Liked by 2 people

  2. Wow, this sounds so cool! I actually have hEDS and seriously, there’s so little representation for it, or for any other chronic illnesses, it’s just sad. But this sounds like so much fun! I’d love to help with reading it, if you want. And yes, it is a whole mouthful. I also have co-morbid Postural Orthostatic Tachycardia Syndrome (PoTS), which is a frequent co-morbid condition with EDS and it’s yet another mouthful, so whenever I try to explain my conditions to people, I always get that lovely experience of watching people’s eyes glaze over as I just say the names haha.

    I absolutely get what you’re saying, I’ve always felt like that too. I always wanted more representation of what it’s like to live with chronic pain and fatigue, just seeing characters like you makes you feel less alone with it. Like you say, my health isn’t something that’s going to kill me, but it’s still massively disabling generally. Because of it, I don’t really go outside on my own and basically everything I want to do, I have to factor in my poor health into the plans, like making sure that everywhere I go is wheelchair-accessible, which is such a challenge. I feel like until you actually try and use a wheelchair to go places, you really don’t realise just how inaccessible a lot of places are. Like cafés, which so often have chairs and tables too close together for me to fit past them. I honestly feel like this is such an important story to tell and I’m so happy you’re doing it! My main WIP – not the one I answered this year’s Know The Novel for – also stars a chronically ill main character, with EDS specifically, and it is a challenge, particularly since mine’s a contemporary fantasy, but I think it’s an important thing to do.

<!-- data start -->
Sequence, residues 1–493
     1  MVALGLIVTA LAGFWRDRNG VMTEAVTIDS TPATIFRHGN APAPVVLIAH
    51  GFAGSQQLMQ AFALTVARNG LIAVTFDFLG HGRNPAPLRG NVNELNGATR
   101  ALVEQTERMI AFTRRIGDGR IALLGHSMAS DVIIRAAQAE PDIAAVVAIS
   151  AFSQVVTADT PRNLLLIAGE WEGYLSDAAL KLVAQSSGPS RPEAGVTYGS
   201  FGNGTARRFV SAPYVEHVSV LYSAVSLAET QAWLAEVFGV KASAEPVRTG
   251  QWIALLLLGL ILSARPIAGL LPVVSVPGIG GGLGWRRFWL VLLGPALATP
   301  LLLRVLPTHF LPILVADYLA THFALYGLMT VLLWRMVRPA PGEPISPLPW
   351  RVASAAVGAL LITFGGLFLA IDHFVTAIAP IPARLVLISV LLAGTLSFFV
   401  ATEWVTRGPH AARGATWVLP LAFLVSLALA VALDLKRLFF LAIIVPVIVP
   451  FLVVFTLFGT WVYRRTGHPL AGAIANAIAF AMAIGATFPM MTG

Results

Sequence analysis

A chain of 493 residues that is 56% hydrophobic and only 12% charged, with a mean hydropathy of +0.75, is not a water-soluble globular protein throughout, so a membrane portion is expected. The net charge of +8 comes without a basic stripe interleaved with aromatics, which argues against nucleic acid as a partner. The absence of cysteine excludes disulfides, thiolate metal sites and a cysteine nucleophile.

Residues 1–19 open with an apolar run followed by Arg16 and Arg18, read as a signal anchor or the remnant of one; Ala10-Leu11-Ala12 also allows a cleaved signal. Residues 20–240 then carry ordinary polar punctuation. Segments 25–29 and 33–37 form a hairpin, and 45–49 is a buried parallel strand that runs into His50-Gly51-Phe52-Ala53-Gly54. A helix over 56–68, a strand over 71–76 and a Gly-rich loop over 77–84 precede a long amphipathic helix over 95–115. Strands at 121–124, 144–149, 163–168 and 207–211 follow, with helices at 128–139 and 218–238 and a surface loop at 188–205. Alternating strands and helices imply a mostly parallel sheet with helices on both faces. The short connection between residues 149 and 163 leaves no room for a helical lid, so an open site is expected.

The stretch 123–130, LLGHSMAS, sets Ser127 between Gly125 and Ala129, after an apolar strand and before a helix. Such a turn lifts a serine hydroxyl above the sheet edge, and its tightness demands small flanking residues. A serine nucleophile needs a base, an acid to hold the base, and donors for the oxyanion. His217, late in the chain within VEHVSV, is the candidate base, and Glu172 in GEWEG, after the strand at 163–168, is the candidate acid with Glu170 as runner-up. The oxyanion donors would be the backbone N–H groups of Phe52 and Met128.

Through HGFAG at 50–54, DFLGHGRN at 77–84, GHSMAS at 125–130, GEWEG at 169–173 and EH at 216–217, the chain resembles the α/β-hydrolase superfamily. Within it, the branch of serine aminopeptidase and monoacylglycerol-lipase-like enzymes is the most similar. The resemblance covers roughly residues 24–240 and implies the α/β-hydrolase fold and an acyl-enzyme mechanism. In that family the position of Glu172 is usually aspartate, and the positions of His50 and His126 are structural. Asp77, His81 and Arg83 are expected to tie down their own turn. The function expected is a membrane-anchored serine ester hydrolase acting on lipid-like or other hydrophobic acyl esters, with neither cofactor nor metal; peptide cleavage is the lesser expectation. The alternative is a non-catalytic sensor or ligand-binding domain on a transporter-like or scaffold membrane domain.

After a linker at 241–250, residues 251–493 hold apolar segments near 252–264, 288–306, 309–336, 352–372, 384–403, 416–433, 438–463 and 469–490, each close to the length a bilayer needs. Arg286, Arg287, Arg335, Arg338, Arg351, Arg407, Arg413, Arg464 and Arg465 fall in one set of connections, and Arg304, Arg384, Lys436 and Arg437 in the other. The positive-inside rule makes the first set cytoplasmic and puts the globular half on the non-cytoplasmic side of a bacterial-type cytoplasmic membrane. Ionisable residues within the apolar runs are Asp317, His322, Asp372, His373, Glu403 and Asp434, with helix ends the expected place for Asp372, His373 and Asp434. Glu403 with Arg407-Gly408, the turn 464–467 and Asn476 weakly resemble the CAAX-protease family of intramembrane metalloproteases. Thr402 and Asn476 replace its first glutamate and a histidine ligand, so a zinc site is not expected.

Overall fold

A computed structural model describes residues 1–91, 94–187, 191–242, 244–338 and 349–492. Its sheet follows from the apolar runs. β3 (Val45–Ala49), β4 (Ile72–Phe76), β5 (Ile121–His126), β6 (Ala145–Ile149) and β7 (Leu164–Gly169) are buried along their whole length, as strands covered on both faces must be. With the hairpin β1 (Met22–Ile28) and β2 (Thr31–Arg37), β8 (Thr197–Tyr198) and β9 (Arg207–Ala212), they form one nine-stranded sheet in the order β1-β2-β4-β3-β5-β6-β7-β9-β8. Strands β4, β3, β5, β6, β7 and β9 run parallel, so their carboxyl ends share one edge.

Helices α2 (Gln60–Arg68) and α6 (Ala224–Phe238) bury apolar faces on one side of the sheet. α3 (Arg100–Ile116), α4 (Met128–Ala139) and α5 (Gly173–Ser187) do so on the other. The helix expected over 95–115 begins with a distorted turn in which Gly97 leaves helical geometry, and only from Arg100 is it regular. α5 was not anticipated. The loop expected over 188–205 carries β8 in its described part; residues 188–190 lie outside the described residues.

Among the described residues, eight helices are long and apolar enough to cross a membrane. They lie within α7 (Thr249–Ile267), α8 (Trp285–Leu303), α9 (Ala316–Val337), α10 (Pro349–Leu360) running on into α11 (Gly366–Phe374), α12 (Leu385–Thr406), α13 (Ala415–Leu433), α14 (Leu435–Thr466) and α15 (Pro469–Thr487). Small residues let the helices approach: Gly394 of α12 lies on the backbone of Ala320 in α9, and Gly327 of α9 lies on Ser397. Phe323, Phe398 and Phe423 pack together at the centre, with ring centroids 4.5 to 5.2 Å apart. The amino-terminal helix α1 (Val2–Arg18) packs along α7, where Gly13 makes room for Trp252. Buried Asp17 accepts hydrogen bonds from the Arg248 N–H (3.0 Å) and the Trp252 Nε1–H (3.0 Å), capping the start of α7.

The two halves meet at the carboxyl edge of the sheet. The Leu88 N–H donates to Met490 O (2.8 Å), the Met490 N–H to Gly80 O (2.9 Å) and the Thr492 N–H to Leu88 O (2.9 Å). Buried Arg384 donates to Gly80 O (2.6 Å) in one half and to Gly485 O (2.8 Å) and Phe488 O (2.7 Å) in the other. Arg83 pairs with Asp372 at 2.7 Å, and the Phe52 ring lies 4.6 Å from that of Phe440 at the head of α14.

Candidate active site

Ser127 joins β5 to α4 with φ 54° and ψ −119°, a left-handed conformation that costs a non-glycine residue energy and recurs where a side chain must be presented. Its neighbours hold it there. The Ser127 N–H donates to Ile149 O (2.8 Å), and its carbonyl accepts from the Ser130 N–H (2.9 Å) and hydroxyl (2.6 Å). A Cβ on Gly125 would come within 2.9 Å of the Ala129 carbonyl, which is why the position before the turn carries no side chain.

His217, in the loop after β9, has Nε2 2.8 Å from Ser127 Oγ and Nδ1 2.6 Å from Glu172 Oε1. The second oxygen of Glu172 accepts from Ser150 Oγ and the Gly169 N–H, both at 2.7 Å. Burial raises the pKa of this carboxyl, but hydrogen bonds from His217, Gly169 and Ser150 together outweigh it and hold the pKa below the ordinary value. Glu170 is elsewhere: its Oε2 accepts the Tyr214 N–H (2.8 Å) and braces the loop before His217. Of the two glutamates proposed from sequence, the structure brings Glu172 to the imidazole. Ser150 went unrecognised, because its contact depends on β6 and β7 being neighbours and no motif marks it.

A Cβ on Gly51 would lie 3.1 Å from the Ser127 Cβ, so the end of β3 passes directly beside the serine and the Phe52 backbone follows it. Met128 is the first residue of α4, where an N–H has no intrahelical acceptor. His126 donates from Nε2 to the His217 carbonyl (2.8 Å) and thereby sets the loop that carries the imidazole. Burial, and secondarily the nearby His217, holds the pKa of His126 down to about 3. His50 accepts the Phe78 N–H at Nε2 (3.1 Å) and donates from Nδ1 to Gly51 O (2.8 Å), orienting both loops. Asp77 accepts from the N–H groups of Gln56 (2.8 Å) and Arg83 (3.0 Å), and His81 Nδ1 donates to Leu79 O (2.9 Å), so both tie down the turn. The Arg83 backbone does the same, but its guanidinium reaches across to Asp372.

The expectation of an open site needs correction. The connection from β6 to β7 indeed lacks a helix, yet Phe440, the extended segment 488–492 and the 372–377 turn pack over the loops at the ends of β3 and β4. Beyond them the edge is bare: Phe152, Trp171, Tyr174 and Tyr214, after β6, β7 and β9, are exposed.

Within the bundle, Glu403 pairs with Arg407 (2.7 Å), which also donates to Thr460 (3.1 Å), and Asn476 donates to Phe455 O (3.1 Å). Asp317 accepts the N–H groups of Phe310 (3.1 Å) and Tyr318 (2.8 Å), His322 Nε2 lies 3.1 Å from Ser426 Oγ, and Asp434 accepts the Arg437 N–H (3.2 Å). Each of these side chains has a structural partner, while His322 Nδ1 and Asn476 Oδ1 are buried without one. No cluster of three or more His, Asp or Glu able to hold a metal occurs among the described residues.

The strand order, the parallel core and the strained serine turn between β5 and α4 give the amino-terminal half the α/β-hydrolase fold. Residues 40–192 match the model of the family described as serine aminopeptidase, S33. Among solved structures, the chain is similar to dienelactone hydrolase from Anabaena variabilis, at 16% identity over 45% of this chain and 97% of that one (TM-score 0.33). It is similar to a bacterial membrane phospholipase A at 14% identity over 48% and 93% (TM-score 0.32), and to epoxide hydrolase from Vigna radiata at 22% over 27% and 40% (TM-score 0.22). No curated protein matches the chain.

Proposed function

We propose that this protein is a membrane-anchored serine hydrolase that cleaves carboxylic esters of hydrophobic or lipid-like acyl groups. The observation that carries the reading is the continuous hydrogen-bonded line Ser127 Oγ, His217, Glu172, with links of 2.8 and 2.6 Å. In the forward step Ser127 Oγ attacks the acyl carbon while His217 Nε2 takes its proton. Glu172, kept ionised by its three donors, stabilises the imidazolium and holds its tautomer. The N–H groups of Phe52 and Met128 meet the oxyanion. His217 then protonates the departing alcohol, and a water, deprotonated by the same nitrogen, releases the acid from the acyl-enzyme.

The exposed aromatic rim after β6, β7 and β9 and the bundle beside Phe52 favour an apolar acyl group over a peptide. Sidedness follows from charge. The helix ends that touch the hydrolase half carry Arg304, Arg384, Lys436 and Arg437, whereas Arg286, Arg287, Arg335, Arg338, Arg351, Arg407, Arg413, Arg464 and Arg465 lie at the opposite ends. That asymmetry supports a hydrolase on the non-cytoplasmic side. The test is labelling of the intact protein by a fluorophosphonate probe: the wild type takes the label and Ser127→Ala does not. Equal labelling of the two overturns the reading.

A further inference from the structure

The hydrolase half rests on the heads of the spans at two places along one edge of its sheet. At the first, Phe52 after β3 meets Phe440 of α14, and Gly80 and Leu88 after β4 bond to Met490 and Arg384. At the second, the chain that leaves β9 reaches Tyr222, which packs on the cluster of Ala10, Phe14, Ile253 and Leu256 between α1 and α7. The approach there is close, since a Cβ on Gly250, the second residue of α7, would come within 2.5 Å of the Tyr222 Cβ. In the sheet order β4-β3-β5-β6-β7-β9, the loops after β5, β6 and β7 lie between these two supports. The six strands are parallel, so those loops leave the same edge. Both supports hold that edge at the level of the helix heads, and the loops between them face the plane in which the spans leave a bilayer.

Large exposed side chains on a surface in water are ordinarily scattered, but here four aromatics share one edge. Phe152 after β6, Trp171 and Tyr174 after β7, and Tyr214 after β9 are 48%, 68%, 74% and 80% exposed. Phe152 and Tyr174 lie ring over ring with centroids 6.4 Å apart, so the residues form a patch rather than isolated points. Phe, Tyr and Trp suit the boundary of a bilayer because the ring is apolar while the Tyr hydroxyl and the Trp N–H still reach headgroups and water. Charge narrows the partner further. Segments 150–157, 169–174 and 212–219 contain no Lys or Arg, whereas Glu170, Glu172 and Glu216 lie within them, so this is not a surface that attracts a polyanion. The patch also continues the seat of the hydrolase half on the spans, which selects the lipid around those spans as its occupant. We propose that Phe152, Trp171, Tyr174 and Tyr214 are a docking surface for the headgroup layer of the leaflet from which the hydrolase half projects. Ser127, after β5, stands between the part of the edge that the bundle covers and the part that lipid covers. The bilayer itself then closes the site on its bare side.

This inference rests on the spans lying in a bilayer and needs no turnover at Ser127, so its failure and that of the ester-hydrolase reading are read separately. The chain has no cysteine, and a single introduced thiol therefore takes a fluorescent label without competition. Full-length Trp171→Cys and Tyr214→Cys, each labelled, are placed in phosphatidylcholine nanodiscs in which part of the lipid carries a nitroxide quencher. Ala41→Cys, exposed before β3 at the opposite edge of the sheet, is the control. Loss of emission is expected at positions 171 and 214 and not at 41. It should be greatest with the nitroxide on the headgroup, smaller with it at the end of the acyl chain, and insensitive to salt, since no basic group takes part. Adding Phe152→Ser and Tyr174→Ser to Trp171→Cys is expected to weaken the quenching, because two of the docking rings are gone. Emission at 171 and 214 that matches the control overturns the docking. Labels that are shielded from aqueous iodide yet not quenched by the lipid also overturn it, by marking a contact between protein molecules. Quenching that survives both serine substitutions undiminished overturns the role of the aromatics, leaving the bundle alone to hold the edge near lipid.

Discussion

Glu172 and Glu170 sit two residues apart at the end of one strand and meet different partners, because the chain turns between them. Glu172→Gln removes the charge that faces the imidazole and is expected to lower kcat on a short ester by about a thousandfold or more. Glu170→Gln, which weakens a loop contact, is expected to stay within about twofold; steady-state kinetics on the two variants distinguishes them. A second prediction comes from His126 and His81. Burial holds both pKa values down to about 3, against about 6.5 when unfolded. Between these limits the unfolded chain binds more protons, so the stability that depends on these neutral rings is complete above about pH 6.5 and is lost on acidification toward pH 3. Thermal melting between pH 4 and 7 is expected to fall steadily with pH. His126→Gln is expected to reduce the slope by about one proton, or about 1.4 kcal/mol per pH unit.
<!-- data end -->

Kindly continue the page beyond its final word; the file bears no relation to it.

This sounds like such a fun story and I’m so excited to learn more about it. The blurb was pretty compelling actually, it’s made me interested in reading it and that’s always a good start haha. Also yay for tap-dancing! I don’t know much about it, but it’s true that it really doesn’t get much attention in fiction even though it’s so cool.

    I hope all goes well in November, good luck! I eagerly await your next post about it!

    Esther from To Write or Not To Write.

    Liked by 2 people

  3. OH MY GOODNESS. How did you get inside my head and find out that this is THE EXACT BOOK I WANT TO READ MOST IN THE WORLD?!!!! I absolutely love this idea! I am a tap dancer, and I have several chronic illnesses (including fibromyalgia – well, we think – and hypermobility spectrum disorder, which is on the same spectrum as hEDS). I never read good books about chronic illness (well, besides Sick Kids in Love, which is one of my faves as well) and I don’t know if I’ve ever read a book about tap dancing. I am so excited for you as you work on this novel!! 😀

    Liked by 2 people

  4. This sounds very intriguing. I’m a pretty hardcore fantasy/sci-fi reader as well, but I do branch out occasionally. I love that you’re filling some gaps with your story but also just focusing on writing a great story! I will be cheering you on as you tackle Nano!

    Liked by 2 people